Organisations that are able to quickly store, structure, access and give data to their customers are the ones that will come out above the rest, says PREMIE NAICKER.
Organisations off all sizes, and across all industries, understand how vital business intelligence (BI) is to the effective and efficient running of the business. Data and information, and the ability to harness these effectively, can be the difference between a thriving and a failing business, particularly in times of economic uncertainty. Effective BI helps companies maximise their resources, optimise their business processes, improve their customer service, as well as launch new projects and initiatives.
Businesses that understand that getting the right information, to the right individual, at the right time, is crucial to the business succeeding,” says Premie Naicker, MD of Yellowfin South Africa.
According to Naicker, recognising the importance of information is only the first step. “On its own, information lacks context. Businesses need tools and processes to deliver information and analytics in a way that meets the needs of the business decision makers.
This delivery, or the lack thereof, she says is the major cause to companies battling to get real value out of their BI investments. “Too often users say they cannot access the information needed to support their decisions. They struggle with incorrect or irrelevant data, insufficient or inaccessible data, and turnaround times that are way too long, in the ‚Äòinstant access’ times we live in.
Naicker offers several tips for businesses wishing to maximise their BI investments. “One of the most common reasons for failure of BI initiatives is a lack of the correct data. While BI is needed across all levels of the business, additional effort and preparation of the data are required in order to make the BI initiative successful, and the correct ownership of this is therefore essential.
Next, she says to ensure there is a solid governance platform. “Both the data itself, and the BI initiative, must have a governance foundation. Data can only provide a competitive advantage, and improve operations, if the business understands what information they have and from what sources, and what value the data has. Following this, they need to define the data, and what rules apply to the capture, storage, processing and access of that data. Governance will ensure the correct rules are in place, and keep in charge of processes relating to creating reports, ownership, usage and distribution of the data.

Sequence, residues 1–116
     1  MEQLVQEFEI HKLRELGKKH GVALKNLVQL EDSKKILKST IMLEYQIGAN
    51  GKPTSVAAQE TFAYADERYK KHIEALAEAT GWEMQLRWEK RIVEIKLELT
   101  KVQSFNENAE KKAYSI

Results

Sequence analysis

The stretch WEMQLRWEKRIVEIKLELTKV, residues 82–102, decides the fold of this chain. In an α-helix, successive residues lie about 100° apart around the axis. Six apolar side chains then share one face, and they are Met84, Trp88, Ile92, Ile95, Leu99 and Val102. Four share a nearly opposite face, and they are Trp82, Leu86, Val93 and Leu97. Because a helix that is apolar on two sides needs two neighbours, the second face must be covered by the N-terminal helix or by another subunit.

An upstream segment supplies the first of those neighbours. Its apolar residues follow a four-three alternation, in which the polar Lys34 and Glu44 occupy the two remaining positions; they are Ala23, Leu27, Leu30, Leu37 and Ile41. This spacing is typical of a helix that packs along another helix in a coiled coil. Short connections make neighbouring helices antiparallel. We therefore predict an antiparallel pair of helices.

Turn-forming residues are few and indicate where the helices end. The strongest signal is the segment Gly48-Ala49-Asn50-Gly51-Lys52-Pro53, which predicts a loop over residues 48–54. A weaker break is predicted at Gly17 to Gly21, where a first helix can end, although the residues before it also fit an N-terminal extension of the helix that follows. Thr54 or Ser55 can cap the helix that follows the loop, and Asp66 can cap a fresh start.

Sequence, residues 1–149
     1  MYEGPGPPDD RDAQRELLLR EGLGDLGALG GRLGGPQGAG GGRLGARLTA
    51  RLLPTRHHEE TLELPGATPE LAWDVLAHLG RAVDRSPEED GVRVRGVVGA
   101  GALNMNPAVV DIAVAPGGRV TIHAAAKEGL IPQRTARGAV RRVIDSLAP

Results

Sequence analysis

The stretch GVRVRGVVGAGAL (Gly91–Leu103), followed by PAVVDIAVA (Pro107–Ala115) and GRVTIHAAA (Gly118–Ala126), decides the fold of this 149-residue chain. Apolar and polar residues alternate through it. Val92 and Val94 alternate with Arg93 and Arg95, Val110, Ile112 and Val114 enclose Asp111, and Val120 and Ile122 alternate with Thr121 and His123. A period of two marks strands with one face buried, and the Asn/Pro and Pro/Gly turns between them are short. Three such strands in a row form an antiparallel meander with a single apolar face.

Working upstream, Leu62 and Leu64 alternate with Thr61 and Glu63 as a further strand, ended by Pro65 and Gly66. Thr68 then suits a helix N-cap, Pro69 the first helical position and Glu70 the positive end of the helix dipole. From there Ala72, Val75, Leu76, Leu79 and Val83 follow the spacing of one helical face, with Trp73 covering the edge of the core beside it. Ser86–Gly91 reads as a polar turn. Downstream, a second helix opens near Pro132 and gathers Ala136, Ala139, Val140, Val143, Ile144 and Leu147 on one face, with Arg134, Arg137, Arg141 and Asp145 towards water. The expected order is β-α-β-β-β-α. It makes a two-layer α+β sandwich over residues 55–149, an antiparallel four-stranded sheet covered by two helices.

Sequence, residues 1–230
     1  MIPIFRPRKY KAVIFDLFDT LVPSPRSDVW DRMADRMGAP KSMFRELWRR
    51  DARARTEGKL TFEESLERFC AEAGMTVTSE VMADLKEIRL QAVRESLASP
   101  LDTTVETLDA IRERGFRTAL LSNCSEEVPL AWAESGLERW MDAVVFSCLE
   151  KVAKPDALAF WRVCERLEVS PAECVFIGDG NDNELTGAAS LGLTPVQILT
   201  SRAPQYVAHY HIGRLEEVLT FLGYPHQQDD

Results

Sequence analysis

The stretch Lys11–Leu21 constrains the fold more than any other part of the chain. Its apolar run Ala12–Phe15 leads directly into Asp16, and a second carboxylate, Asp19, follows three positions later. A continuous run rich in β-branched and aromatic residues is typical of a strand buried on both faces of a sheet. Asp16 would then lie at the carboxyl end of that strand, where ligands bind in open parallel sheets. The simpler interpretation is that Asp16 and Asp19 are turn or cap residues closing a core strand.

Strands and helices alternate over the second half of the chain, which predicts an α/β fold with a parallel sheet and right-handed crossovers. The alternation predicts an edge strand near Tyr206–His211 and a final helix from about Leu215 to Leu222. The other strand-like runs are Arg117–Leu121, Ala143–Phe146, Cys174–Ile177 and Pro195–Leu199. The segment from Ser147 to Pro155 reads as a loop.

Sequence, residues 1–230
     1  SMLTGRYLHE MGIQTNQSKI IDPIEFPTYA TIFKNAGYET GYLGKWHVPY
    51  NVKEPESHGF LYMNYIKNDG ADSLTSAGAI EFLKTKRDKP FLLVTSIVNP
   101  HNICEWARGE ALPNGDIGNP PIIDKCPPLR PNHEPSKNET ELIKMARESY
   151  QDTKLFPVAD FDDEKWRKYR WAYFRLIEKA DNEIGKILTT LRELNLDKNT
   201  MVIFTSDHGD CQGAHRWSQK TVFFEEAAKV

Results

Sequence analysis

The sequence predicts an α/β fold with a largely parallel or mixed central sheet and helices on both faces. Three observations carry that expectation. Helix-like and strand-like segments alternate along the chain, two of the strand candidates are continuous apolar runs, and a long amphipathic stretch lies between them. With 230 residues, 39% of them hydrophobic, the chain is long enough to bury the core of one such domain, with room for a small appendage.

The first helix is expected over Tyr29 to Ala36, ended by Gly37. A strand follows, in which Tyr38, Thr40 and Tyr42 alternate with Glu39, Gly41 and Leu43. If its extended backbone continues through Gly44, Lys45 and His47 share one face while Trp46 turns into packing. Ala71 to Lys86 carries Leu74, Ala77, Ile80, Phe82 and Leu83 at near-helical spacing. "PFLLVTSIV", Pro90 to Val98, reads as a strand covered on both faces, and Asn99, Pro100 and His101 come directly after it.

Naicker says agility is also key to BI success. “The development methodology must be suited to the BI project, or the desired results will not be achieved. Agility can assist here, as it will boost the initiatives’ chances of success. Agile BI is about a company’s ability to adapt its BI projects to meet the evolving needs of the business, and the environment it operates in.
This incorporates both a technical and process-oriented approach to managing the delivery of BI initiatives. “To achieve this agility, companies need to provide and establish the tools and conditions needed to allow them to deliver BI initiatives that can respond quickly and effectively to the changing and imprecisely articulated needs of the BI user. This goes beyond building and developing things rapidly, but building and developing the right things rapidly.
The way organisations harness the data that is available to them will be a strong differentiator, and can mean the difference between success and failure. “Applying these practices will help make the business more data driven, and will allow the BI projects to be agile, appropriate, and to strike the right balance between control and flexibility,” Naicker concludes.
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